Decoding Design

Salvaging Boston's Big Dig scraps

Posting in Cities

A house in Lexington, Massachusetts answers the question of what to do with construction debris.

Have you ever wondered or worried about what happens to all the material left from large construction projects? Instead of heading to a landfill, over 600,000 pounds of construction materials from Boston's Big Dig moved 12 miles outside of the city to make up the structural system for a private house.

The 4,300 square foot home was envisioned, designed and built by Paul Pedini, a contractor on the Big Dig project, with John Hong and Jinhee Park from Single Speed Design. The team chose to reuse the concrete panels and steel beams and girders that had provided temporary support and ramps for the city's infrastructure project. Reusing the steel and concrete pieces allowed the architects to reassemble them as if they were part of a pre-fab system. Because of the existing system, the recycled steel frame was completed in just four days.

Since the major elements of the structure were free, the final construction cost of the home, excluding the transportation of the materials, was $150 per square foot. The recycled components are exposed on the interior while the exterior is clad in the traditional New England material of cedar. The overall effect is streamlined and elegant and far from rubbish.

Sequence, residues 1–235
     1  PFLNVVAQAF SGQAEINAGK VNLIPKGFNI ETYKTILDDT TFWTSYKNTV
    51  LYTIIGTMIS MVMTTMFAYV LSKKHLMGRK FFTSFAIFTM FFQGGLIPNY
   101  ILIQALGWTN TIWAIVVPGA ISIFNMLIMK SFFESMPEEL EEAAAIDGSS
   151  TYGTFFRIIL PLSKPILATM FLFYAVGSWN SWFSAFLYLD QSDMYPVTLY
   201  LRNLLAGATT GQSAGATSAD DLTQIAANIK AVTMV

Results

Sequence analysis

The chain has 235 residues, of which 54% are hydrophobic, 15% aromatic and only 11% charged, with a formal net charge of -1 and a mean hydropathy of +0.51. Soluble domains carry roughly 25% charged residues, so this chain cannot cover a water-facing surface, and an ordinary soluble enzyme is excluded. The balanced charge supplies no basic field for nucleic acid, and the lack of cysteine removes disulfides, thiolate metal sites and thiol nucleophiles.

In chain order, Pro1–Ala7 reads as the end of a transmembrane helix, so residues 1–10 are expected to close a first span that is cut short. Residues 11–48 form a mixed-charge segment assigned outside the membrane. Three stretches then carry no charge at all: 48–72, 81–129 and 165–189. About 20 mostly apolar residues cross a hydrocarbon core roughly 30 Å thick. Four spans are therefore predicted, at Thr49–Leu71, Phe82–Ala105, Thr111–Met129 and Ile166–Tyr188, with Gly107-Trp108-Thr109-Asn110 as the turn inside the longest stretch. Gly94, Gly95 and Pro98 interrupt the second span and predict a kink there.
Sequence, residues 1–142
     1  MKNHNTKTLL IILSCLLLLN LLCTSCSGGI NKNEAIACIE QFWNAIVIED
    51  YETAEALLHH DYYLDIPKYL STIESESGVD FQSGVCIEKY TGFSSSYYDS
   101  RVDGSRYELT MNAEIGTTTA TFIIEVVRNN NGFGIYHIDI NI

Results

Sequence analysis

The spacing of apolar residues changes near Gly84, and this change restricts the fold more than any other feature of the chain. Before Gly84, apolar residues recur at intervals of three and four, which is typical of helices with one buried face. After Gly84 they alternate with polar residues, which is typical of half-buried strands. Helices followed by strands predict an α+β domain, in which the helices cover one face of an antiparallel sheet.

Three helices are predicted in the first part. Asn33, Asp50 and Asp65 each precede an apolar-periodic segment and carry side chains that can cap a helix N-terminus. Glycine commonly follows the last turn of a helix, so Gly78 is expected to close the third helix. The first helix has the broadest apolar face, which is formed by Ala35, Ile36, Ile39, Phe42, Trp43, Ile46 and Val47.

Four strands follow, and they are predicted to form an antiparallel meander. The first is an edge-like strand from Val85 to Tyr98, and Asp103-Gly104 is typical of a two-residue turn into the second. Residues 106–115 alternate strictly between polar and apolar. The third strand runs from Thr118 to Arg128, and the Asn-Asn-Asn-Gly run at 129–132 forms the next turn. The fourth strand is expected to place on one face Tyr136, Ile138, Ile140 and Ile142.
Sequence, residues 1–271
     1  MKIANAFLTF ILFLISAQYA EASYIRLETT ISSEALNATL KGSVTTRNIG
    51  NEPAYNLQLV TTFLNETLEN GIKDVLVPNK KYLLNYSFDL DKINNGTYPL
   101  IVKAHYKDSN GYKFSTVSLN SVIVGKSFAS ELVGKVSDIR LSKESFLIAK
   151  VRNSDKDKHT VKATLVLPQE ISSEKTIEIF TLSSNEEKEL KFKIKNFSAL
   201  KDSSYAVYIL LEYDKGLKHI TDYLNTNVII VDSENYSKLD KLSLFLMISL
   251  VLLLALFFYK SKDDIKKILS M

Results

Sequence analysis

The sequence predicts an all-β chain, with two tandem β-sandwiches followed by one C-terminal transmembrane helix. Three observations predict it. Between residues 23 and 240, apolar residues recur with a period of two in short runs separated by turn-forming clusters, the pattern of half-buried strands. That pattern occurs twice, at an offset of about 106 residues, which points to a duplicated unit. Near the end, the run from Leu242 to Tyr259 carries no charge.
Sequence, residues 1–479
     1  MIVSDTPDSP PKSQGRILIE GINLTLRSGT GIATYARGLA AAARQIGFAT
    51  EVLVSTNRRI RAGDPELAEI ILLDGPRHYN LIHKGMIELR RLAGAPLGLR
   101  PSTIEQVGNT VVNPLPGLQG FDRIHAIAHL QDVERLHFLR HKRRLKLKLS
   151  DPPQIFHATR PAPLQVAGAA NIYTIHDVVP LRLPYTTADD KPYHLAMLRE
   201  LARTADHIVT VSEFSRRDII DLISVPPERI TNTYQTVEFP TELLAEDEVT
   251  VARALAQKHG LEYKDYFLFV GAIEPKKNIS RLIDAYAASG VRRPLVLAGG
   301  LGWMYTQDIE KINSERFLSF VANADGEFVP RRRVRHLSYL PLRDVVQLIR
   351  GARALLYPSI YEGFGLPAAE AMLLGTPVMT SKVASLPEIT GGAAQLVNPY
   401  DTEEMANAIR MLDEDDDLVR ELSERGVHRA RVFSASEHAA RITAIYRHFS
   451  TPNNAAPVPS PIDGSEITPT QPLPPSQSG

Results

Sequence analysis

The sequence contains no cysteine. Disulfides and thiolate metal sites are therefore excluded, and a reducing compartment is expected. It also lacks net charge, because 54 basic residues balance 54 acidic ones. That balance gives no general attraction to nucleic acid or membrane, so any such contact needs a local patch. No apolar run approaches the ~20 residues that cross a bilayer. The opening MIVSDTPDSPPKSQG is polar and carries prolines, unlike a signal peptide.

Commenting on what their project can mean for infrastructure recycling, Single Speed Design state that 'with strategic front-end planning, much needed community programs including schools, libraries, and housing could be constructed whenever infrastructure is deconstructed, saving valuable resources, embodied energy, and taxpayer dollars.'

Watch an animation of the construction process below:

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Images: Single Speed Design

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Sun Kim

Contributing Editor

Contributing Editor Sun Joo Kim is an architect and creative consultant based in Boston. Her projects include design and master planning of museums, public institutions, hospitals, and university buildings across the U.S. She holds a degree from Carnegie Mellon University and is a member of the U.S. Green Building Council. Follow her on Twitter. Disclosure